|Rancher Jon Gilbert and his 10-year-old American Quarter Horse Cielo San Lewis, known as “Lewis,” defeated 109 other riders from across North America to take the National Reining Horse Association’s Prime Time Non Pro Division title in Oklahoma in December, 2011. In this video, Jon and Lewis demonstrate reining techniques at the Gilberts’ Horsebreakers ranch in Dewey, Arizona. |
|Jon Gilbert explains reining technique while his Quarter Horse, Cielo San Lewis, executes a circling maneuver at Horsebreakers ranch.|
Trib Photo/Cheryl Hartz
If every cloud has a silver lining, Jon Gilbert certainly found one in his champion reining horse Cielo San Lewis. The Spanish name, loosely translated as heaven's or heavenly Saint Lewis, indicates a gift from cloud country, especially during the current economic crisis.
On the 10-year-old horse, bred and trained in Germany, Pennsylvania native Gilbert of Dewey, Ariz., won a 2011 National Reining Horse Association championship in Oklahoma.
"If there is a silver lining in the recession, it's that I've had more time to do that stuff," Gilbert, co-owner with wife, Marywade, of Horsebreakers, Unlimited, said of becoming more focused on the sport of reining.
Gilbert and Cielo San Lewis, known simply as Lewis, defeated 109 other riders to take the Prime Time Non Pro Division national title in early December. They also placed fifth in Intermediate Non Pro and sixth in Non Pro.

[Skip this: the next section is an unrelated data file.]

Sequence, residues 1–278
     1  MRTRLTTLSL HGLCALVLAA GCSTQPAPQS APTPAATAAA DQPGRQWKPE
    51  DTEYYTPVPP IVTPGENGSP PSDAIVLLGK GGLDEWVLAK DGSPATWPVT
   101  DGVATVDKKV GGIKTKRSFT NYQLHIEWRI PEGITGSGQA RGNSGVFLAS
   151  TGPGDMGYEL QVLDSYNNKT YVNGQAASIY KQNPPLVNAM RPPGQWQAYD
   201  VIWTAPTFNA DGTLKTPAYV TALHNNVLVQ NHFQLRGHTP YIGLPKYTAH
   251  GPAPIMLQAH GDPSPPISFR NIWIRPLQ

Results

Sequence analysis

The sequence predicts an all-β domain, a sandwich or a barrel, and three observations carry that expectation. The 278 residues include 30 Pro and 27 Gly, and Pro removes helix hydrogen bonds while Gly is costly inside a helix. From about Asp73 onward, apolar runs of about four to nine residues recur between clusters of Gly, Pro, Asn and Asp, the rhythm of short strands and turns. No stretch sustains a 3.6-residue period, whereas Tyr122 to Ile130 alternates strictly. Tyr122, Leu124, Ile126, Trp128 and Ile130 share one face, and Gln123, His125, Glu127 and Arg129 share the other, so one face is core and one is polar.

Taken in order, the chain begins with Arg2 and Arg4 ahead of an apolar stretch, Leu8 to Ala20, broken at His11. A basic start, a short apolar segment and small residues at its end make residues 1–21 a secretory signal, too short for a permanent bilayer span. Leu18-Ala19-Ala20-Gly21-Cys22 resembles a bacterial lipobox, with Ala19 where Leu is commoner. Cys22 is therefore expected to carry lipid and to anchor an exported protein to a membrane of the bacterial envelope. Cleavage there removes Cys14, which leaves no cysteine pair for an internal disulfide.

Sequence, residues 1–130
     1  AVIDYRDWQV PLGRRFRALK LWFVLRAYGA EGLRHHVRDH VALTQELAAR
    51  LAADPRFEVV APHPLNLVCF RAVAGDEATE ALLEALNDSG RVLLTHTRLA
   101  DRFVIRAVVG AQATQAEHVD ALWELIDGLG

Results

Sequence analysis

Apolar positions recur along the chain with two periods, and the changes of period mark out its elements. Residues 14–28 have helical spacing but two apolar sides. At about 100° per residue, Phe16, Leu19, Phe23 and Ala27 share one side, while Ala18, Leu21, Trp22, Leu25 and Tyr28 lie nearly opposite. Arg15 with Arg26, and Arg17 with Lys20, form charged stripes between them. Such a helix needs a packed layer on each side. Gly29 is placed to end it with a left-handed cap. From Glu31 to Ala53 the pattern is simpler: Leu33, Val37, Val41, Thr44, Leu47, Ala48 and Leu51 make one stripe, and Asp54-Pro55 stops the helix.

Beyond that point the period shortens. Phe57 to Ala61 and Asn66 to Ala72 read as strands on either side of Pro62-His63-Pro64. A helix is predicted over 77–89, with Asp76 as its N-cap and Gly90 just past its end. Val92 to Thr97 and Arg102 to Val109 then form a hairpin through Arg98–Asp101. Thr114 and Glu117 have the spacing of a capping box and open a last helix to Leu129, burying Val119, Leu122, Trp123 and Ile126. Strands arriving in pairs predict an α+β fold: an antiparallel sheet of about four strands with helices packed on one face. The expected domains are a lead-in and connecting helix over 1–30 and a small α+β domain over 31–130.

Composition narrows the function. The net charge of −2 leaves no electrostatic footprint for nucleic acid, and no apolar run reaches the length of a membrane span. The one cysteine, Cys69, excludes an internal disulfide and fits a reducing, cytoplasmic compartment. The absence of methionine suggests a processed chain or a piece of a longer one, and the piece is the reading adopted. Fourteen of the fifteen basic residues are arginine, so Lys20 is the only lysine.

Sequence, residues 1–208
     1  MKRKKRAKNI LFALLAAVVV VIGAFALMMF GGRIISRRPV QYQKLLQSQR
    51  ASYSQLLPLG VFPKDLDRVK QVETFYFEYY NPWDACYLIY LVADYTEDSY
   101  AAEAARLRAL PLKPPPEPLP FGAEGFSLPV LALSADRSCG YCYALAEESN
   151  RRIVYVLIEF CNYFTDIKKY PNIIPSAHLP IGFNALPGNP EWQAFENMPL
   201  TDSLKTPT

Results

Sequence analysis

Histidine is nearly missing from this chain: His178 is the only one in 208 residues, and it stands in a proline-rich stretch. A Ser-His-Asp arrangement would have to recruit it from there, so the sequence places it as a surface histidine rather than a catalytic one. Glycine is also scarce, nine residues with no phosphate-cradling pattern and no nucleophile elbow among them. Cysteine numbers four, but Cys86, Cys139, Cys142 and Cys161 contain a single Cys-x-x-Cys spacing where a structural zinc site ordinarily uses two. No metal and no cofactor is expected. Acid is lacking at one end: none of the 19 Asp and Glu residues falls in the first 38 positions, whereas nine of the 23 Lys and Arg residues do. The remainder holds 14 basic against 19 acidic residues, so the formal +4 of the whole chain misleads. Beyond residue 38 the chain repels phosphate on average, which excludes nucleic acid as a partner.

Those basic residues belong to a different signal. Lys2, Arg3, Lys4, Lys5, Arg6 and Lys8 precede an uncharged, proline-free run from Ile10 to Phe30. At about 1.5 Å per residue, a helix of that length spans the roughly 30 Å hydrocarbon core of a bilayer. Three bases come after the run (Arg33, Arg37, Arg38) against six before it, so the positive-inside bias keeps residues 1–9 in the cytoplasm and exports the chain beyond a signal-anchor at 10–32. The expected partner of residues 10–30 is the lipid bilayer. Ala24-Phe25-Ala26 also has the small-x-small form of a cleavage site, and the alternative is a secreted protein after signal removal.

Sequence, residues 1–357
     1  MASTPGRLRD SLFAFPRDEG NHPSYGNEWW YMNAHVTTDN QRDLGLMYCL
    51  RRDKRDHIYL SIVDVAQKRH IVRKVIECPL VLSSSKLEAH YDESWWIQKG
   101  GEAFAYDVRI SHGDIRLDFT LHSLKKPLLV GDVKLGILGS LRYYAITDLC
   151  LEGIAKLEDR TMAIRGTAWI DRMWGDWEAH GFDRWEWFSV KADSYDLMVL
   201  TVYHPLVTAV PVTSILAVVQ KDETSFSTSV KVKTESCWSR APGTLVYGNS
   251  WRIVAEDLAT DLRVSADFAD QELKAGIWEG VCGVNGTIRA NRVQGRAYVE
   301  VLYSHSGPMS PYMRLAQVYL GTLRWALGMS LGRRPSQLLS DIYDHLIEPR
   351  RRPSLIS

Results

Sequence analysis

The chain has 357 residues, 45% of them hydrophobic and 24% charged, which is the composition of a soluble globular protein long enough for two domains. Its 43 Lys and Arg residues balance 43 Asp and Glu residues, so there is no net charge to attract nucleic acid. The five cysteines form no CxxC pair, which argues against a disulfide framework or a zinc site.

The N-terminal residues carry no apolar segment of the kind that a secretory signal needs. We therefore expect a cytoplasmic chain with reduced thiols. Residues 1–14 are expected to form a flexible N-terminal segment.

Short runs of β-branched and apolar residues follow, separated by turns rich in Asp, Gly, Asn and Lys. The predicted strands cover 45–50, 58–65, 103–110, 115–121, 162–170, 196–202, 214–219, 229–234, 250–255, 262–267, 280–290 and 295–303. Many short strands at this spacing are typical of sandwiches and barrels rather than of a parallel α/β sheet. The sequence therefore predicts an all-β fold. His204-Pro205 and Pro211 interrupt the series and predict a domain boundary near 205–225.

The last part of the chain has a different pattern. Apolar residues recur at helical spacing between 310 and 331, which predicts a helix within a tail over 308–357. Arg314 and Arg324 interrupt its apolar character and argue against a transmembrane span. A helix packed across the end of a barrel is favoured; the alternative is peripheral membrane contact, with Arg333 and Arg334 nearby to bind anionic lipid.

To qualify for nationals, the horse and rider swept all three categories at the regional finals at Scottsdale's WestWorld in October. Gilbert called the venue "one of the nicest equine show grounds in the country."
He said people have a misconception of reining as a "rich man's sport." And while it can be expensive, it isn't at the level in which Gilbert competes.
As a sport, reining is a series of established patterns incorporating spins, turns and sudden stops. The event is not timed.
"It's technical and requires a lot of discipline between the horse and rider," Gilbert said.
He explained that each entry in a competition class performs the same set of 11 patterns and eight maneuvers, and woe to the rider who forgets the order.
"If you go off pattern, you're disqualified," he said.
The concept of reining is centuries old and originated in the American West - California, the Southwest and also Mexico. Working cowboys required mounts that could stop and turn on a dime. Needing free hands to manage cattle, the cowboys developed ways to guide their horses with minimal use of reins or even verbal commands.
"You try to do it all with some nice slack bridle reins and use your body to cue him," Gilbert said. "You make the cues as subtle as possible; you try to not really move your hand a lot. You don't want to make it obvious how you're cuing your horse or how you're steering him."
He said although riders certainly are allowed to steer their mounts, "To me the key phrase in reining is the horse is 'willfully guided,' so the purpose is to not just rein the horse, but dictate his every movement."